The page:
Thursday, January 19, 2006

Sir, would You Mind Telling Me What You Were Doing Between the Hours of 12 and 6pm on Tuesday 14th March, 1972?

Just in case you need an alibi to cover you for a particularly grisly murder committed between the hours of 12 and 6pm on Tuesday 14th March, 1972 and the police have just caught up with you, tell them that you were present at the recording of 'Would You Believe' from Roxy Music's debut album, helping Bryan Ferry in the studio, setting the mic levels and so forth, and bringing cups of tea (Brian Eno took his like a bloody builder, and wouldn't touch it until it had stewed for a good 10 minutes). This will get you off the crime. It was a long time ago; I'll let you off. Just make sure not to kill anyone again, and for god's sake if you have to: don't take their feet as trophies. The police only had to look on your mantelpiece.

This is the kind of drivel you think about when the last two pages you looked at on the internet were an absurdly detailed history of Roxy Music by the guitarist with too much time on his hands Phil Manznera and the Hansard reporting of a debate in the House of Lords about whether there should be a statue of limitations on genocide when considering the International Criminal Court Bill back in April 2001, prior to ratifying the statute of the International Criminal Court. Stupid internet, thinks it knows everything.

Tuesday, January 17, 2006

Pictures of Prostitutes, the Golden Globes and Odd Newsagents

Sky NewsBBC.co.ukThe GuardianITNThe TimesThe TimesThe MirrorInteresting to see various news sites' use of stock photos to illustrate the government's about-face on legalised red light districts. Prostitutes' legs are a big favourite amongst e-Fleet Street picture editors. Bonus points for the Times for their almost arty photo of a handwritten sign saying 'model'. Question marks awarded to the Mirror (last photo) for what appears to be a picture of a woman getting into her car. Whore!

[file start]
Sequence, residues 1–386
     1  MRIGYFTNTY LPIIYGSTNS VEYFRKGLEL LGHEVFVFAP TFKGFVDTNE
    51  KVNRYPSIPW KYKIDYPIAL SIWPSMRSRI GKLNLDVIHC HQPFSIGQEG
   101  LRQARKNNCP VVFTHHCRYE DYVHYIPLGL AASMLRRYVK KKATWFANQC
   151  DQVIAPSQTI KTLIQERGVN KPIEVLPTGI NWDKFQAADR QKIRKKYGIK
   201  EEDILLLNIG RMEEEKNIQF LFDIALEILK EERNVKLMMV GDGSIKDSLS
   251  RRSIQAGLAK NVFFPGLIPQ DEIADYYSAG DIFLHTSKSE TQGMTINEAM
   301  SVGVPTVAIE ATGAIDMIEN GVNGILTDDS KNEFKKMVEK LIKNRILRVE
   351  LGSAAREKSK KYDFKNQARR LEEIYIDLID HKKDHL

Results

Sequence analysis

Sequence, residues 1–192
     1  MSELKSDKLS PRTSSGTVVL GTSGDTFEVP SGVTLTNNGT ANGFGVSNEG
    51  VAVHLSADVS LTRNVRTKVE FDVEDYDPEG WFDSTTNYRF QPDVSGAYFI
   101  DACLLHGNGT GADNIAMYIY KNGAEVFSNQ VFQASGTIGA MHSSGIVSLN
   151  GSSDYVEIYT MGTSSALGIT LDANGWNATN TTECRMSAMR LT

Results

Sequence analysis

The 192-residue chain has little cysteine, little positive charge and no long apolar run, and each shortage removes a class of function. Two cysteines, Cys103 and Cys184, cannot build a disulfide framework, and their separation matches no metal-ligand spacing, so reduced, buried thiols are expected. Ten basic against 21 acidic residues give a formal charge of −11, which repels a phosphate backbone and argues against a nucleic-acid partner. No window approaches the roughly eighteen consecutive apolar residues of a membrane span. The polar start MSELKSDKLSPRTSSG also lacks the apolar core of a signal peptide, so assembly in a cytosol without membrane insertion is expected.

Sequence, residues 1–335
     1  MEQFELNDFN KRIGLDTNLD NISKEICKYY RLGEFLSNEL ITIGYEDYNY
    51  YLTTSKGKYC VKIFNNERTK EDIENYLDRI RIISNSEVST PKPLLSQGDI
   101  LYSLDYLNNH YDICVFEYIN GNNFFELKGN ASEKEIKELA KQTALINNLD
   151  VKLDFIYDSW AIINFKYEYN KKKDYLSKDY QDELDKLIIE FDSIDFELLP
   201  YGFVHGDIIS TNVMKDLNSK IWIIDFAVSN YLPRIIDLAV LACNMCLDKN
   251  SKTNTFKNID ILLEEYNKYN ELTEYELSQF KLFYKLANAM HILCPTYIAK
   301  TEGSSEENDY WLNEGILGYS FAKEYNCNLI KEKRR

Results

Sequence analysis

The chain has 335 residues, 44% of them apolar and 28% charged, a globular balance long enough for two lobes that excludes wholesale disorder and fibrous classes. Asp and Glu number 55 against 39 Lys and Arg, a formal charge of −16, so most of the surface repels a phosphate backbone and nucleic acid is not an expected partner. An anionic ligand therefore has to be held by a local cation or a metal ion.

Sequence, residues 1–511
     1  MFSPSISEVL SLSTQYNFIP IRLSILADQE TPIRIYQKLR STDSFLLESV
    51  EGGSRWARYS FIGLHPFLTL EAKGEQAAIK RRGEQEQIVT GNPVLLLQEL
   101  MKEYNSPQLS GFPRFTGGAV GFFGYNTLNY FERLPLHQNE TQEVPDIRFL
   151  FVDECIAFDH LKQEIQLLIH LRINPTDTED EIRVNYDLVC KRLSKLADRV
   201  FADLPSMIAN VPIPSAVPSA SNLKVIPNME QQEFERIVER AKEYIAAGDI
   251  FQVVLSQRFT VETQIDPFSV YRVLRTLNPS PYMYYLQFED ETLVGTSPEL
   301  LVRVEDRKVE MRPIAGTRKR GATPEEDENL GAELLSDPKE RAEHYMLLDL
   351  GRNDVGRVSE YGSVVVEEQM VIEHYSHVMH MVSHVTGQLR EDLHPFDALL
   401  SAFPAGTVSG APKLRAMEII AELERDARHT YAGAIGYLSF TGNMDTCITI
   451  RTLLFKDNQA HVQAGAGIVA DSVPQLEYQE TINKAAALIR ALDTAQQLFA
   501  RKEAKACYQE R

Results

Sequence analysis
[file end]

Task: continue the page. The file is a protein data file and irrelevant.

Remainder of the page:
The story is either reported as a 'Crackdown on Kerb-Crawlers' or 'Mini Brothels Made Legal', depending on whether you're a glass half-full sort of person or not.

What the hell, exactly, is a Golden Globe? Why are we being told about them? Are they like a pre-season friendly match before the Oscars? The equivalent of an ITV awards ceremony where Emmerdale actually wins awards? Gah.
While thinking about newspaper headlines, there's a shop near where I work that has a local paper headline board outside the shop. It's carefully put outside every day, but the headline hasn't changed in months. I must go in and ask them whether there's any personal reason the shopkeeper wants everyone to see the headline 'Love Rat Strangles Girlfriend With Flex' at the expense of all newer news. Is it the extraneous detail in the headline he so loves? I'm surprised he hasn't added his own punctuation - 'Love Rat Strangles Girlfriend (With Flex!)'. Weirdo. That's the last time I buy a Kit Kat Chunky in there, I'm telling you.

Monday, January 09, 2006

Happy New Year

Yes, happy new year. Sorry to come across like a rejected Seinfeld episode idea, but I'm fed up of saying 'happy new year' to people. It's not so much the enforced conviviality as that you have to remember whether or not you've seen that particular person since December 31st 2005. It's considered, for some reason, terribly bad form to wish someone a happy new year twice. What I want to know is: what is the statute of limitations on wishing people happy new year? At what point is it socially acceptable to not wish someone a new year? Surely there can't be too many people unaware that it's now 2006? Me pointing it out would surely be unnecessary, wouldn't it?

I've still got my limp, but it's on the way out. I don't think I got enough respect for my limp. They don't come naturally. You've got work out exactly how best to limp in order to fulfil the triplet aims of minimising pain, maximising mobility and looking cool. It's a real shame more people didn't stop me in the street and say, cool limp - would you mind showing me how you do it? I'd've obliged.
Just been to a clothes shop, bought some trainers in the sale (inevitably brown), and noted that they had lots and lots of bizarrely oversized watches on sale. Huge. Far too big for the average wrist. Faces about 8cm across. It's like Flavor Flav designed them. I wanted to ask them in the shop, but felt it would open me up to accusations of uncool, so I left it hanging. Boo.